The widespread determination that voting rights must not be denied to eligible citizens of any race shows that a sense of justice is deeply imbedded in the American character. There is no cause for pride, because it has taken so inexcusably long for public conscience to be aroused. It is nevertheless encouraging that all over the nation people are insisting that freedom everywhere become a reality for their Negro fellow citizens. It is undeniable that in some areas there has been, and continues to be, a calculated determination to keep Negroes from voting. Public accommodation rights also have been grudgingly acknowledged, and only under pressure.

In his special message to Congress, President Johnson reflected the accumulated force of America’s awakening conscience and put the issue in a national rather than a sectional perspective. He was right in insisting that the promise of equality be fully kept, and in demanding prompt rectification of long-standing wrongs. He stressed the importance of judicial process and also sounded a timely warning against the abuse of free speech and free assembly.

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What legislation best secures the national interest by preserving constitutional patterns and guarantees is a question that must weigh heavily upon congressional leaders in the weeks ahead. World opinion and organized protest have reached emotional heights that must not be allowed to bring about hastily conceived federal legislation. Yet there must not be inordinate delay.

For the Church this should be a time of healing ministry when love is preached, when the Gospel that changes hearts is heard. Let the voice of reconciliation and forgiveness be heard. Should the Church be swept into a preoccupation with political reform instead, she will lose her witness where it is most needed.

Selma has now become a symbol of the struggle of two forces, and Alabama has become an emotional image. Civil rights activities have gained national and world-wide publicity. Many Southern spokesmen are indignant because universal misimpressions are created by the selection of particularly offensive target-areas.

Regrettably, thousands of citizens lack adequate knowledge and ability to vote responsibly, a situation that can lead to easy manipulation of voters. This doubtless is one penalty for the failure to prepare them for adequate citizenship. Yet it remains a fact that the most radical views can be discovered among the so-called intellectuals, and that unenlightened mass voting blocs now exist in many large cities.

Some observers find a similarity between the situation in the Congo and that in Alabama. The Belgian colonial government in the Congo was in many ways benevolent in later years, but it did not systematically prepare the Congolese for self-government nor train the people in advanced technical skills. Then came the clamor for independence. Supportive world opinion soon developed, based theoretically on the right to self-determination and complemented by emotional factors quite apart from practical reality. Belgium yielded to these demands and pulled out of the Congo, leaving a hastily established regime. The result was chaos.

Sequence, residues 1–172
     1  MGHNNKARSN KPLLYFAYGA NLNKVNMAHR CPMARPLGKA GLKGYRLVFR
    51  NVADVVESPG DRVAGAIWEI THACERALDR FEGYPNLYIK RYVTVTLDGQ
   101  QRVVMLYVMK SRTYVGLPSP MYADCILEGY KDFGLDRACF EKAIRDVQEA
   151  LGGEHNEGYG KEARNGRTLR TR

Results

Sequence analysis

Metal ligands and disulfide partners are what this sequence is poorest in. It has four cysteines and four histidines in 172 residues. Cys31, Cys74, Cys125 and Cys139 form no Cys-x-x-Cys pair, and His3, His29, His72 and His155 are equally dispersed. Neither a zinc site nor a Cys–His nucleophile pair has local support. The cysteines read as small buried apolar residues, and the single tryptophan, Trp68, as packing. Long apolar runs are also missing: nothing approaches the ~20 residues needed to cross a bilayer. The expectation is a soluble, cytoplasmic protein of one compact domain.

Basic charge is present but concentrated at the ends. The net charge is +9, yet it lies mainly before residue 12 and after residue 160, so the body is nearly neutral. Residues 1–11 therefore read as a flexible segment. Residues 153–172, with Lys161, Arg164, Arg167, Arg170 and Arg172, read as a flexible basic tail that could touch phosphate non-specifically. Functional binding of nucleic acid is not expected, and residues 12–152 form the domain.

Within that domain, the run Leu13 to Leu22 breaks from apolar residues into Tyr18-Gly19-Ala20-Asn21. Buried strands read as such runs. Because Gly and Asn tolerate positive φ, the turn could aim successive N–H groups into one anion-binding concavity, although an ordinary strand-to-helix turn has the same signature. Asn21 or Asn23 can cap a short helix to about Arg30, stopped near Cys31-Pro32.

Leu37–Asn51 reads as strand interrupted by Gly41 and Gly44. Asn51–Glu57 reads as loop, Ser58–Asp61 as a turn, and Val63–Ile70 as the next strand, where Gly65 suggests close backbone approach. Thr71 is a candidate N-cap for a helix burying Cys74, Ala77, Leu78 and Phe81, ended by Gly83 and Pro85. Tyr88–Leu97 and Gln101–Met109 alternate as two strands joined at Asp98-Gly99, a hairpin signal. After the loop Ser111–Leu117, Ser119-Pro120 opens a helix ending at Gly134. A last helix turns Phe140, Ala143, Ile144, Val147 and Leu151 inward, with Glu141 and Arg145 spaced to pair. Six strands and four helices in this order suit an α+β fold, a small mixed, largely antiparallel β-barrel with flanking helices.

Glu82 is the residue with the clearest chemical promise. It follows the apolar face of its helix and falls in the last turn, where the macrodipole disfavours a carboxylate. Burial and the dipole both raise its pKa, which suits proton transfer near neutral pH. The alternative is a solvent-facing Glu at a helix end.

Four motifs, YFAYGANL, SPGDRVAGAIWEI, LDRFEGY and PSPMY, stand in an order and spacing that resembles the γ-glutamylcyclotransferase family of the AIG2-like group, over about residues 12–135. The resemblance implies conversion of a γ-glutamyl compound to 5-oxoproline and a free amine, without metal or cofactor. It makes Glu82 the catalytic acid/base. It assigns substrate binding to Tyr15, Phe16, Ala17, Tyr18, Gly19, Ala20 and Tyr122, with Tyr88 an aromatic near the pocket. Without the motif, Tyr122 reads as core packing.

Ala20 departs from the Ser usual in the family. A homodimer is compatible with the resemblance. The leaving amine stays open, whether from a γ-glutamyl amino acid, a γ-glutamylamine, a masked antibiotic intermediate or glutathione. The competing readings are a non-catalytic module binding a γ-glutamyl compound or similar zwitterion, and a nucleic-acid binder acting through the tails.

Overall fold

Yet the mistakes of the past should not be used to perpetuate intolerable situations, nor to create new ones. It will take great political skill to give due weight to America’s highest interests during the discussion of pending legislation.

The march to Montgomery is over, but the nation has not yet seen the end of large-scale public demonstrations which now serve as complex fronts for many ambitions. Legitimacy of public assembly and public protest against glaring social injustice are not the only issues involved in mass demonstrations. Communist sympathizers exploit these activities to undermine confidence in free-world governments. Selma was not without such entanglement; the syndicated Washington columnists Rowland Evans and Robert Novak reported that “there is no doubt whatever that SNCC is substantially infiltrated by beatnik left-wing revolutionaries and—worst of all—by Communists.” Political agitators exploit mobocracy to overthrow constitutional government rather than to achieve political reforms by judicial processes. Church leaders use demonstrations to identify the theologically confused and evangelistically dormant Church not only with social concern but also with specific legislative programs.

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This growing reliance on mass pressures for swift change is an awesome spectacle. A recent issue of Life magazine carries pictures not only of the Alabama demonstrators but also of mobs stoning an American embassy abroad and of student uprisings on a university campus. The end of these things is not yet. Professional revolutionaries have a special interest in crises, since they furnish a context in which agitators can function as decisive masses through the mechanism of pressure to destroy government.

Yet the best alternative is surely not a reactionary policy of mere negation. America needs a new dedication to godliness and government, and under these to liberty and law. Let us convince our neighbor that we zealously cherish his human rights, and remind him also that his rights stop where ours begin.